We love our PIP team and are always excited to bring in new talents. But pressing deadlines among other pressing situations can cause any business to neglect creativity and contribution in an effort to just get the job done. Employers become comfortable with letting certain people make certain decisions or contributions to a project that may have deserved reviewing from a different perspective. More employees than you would think would be happy to share input or lend a hand in projects they wouldn’t normally get a chance to touch. But because that’s not their ‘job’, they don’t even get to glance at it.
In response to tales of procurement pressures, extended payment terms and the lingering agency-talen crunch of 2013, 4A’s CEO, Nancy Hill gives her take on what businesses should prioritize in the new year when it comes to their employees…
Rethink your approach to talent
Survey after survey tells us that employees under 35 are largely unhappy. Not because we don’t pay them enough (although starting salaries are still an issue), but because they want to contribute and we’re not letting them. We have to realize that millennials have been creating content for most of their lives. Be it videos, photos, song lyrics or drawings, they are used to sharing and receiving immediate feedback. Agency structures don’t encourage or celebrate that kind of contribution from the start.
We must change that. Hiring the best and brightest isn’t enough if we relegate them to spreadsheets and menial labor. Yes, we all had to pay our dues. The difference is that they have other options. Options that allow their sharing mentality to flourish. Options with a more glamorous reputation. Options that seem to remunerate at higher levels.
We have been working with young people through our Rising Stars program. We talk to them. We listen to them. They surprise us. They inspire us. They light a fire under us. Their enthusiasm is contagious, and their naivete is only glaring when they challenge the status quo. Every once in a while we have to remind them that “anything is possible, everything is not.” Wouldn’t you rather pull someone back than constantly ask why they don’t speak up? If you ask why they have been so giving of their time to industry efforts, they will tell you it’s because they care. It’s because they feel like they can make a difference. Harness that or lose them.
Alter new-business processes
Agency search and selection has always been integral to our growth. But the process is time consuming for marketers and costly for agencies. Most marketing leaders are frustrated by the mating (dating) ritual. So how can we improve it?
Stop ambulance chasing. An agency leader once said to me, “We have to be careful what we eat,” meaning we should be more selective about accounts we pursue. Desperate agencies will do desperate things. Best-in-class agencies are disciplined and rigorously screen opportunities. Those that have the most consistent record of new-business success have management buy-in to develop and adhere to screening guidelines.
Agencies can dramatically increase new-business by learning to be more selective with new-client opportunities. The 4A’s Opportunity Screening Criteria guidance advises that just as clients screen agencies to find the best fit, so should agencies screen clients.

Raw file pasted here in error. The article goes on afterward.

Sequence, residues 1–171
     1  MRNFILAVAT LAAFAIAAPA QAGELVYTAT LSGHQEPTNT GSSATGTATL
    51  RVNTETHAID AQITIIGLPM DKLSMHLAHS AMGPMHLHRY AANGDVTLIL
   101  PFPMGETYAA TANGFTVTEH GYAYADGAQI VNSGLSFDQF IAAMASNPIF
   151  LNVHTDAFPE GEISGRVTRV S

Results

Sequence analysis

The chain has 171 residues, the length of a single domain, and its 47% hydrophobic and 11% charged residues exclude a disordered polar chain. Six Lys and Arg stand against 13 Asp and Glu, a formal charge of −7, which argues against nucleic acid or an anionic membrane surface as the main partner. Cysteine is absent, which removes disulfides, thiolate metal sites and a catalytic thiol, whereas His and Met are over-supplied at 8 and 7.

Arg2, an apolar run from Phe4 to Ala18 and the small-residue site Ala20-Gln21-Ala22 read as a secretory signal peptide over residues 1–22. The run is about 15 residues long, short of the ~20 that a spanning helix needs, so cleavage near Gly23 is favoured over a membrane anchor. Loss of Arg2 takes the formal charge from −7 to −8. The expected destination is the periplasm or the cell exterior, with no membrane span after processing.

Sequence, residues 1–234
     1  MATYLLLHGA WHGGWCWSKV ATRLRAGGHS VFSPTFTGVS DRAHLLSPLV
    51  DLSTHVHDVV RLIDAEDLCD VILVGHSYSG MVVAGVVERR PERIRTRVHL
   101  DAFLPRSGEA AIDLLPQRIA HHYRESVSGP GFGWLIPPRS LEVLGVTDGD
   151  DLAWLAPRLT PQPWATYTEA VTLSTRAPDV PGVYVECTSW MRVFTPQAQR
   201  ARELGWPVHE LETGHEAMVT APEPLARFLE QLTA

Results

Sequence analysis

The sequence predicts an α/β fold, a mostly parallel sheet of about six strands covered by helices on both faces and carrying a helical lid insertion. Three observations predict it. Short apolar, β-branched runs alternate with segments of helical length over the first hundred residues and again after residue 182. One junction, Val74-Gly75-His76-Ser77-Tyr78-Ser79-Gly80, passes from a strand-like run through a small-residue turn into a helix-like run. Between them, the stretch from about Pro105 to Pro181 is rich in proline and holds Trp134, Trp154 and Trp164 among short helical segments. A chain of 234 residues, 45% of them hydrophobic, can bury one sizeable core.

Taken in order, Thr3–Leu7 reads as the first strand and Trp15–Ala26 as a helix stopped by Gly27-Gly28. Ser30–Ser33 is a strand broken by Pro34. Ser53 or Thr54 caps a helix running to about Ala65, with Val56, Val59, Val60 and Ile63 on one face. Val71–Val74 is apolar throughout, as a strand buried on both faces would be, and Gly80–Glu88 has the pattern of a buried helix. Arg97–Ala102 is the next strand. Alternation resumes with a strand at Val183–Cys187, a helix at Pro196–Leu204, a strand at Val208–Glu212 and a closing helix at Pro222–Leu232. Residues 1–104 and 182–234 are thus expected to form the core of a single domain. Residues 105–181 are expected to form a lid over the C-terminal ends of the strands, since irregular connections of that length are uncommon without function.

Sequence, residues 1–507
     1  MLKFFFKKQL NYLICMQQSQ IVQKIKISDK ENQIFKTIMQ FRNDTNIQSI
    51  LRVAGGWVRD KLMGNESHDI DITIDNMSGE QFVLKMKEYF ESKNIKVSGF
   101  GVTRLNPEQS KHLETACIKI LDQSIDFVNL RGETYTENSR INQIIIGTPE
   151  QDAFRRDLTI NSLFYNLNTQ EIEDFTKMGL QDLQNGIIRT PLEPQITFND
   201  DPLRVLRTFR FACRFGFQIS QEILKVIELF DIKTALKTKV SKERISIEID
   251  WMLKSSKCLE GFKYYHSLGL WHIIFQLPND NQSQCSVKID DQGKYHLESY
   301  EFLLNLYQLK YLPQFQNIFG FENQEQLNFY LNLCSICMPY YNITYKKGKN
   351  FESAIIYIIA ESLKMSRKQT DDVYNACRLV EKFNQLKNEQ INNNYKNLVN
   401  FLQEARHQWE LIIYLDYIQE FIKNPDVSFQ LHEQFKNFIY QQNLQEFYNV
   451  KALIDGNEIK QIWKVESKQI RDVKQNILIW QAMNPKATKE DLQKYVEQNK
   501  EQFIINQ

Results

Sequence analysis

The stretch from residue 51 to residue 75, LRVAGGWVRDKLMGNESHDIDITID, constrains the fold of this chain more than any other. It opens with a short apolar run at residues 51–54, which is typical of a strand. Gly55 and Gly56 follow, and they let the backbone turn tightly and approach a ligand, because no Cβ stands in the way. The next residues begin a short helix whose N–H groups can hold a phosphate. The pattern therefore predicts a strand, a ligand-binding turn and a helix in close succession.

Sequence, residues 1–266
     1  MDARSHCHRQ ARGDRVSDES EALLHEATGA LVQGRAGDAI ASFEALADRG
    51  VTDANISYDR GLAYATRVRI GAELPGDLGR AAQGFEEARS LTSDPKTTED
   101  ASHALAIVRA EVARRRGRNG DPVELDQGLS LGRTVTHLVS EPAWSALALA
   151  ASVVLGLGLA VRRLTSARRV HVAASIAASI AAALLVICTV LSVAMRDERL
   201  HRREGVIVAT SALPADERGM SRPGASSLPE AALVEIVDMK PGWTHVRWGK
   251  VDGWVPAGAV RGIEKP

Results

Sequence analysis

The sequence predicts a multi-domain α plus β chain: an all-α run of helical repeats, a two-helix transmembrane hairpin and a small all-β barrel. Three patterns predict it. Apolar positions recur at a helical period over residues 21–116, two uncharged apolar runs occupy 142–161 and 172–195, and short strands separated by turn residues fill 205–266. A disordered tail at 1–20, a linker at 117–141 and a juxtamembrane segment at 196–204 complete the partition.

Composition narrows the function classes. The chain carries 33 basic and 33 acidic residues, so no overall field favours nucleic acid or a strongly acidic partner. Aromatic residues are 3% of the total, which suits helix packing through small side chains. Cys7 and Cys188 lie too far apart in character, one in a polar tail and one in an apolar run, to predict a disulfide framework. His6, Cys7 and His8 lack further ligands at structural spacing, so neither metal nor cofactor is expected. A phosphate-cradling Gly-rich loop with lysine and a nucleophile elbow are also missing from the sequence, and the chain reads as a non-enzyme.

Marketers must also do their homework. Before embarking on an agency review they should step a d begin by assessing their own marketing organization. Once internal enhancements are in-place, then — if new or expanded agency resources are a priority — they can invest the time and apply the discipline needed to conduct a rigorous search and selection process.
We continually hear about RFPs from hell and marketers trolling for ideas. It’s time to stop counterproductive tactics. The ANA and 4A’s have partnered to develop prudent Guidelines for Agency Search and fundamental Agency Selection Briefing Guidance tools. Let’s use them and save ourselves a lot of blood, sweat and tears.
Create a fair value exchange
Some compensation arrangements purport to drive efficiency into the client-agency relationship. The problem is that all the procurement benchmarks are largely based on old information. “Working” and “non-working” ratios based on old-media models are no longer relevant in social media and other sharing platforms. Master service agreements that have agencies indemnifying clients against patent assertions are turning us into insurance companies. And extended payment terms that ask agencies to wait 75, 90 or (ridiculously) 120 days put us in the position of acting like a bank.
We have to work harder to show value to clients. Agencies must generate ideas in new ways. Sometimes that’s an ad, sometimes a platform and ever more frequently, a new way to look at what a client sells and how they sell it. We used to do this as a course of business, but we’ve gotten away from it and we need to return to this practice.
We must constantly prove our worth in ways that go above and beyond delivery of scope and drive for results that make a difference in a brand’s destiny. Standing up for what we believe in will go a lot farther than caving. The letters “N” and “o” form a word, and we need to know when to use them together.
What an awesome insight to start off the New Year?! We want to try harder to involve each other among our PIP Triad Team this year to provide our customers with the best quality product and service. We hope you and your team will do the same! Happy 2014!!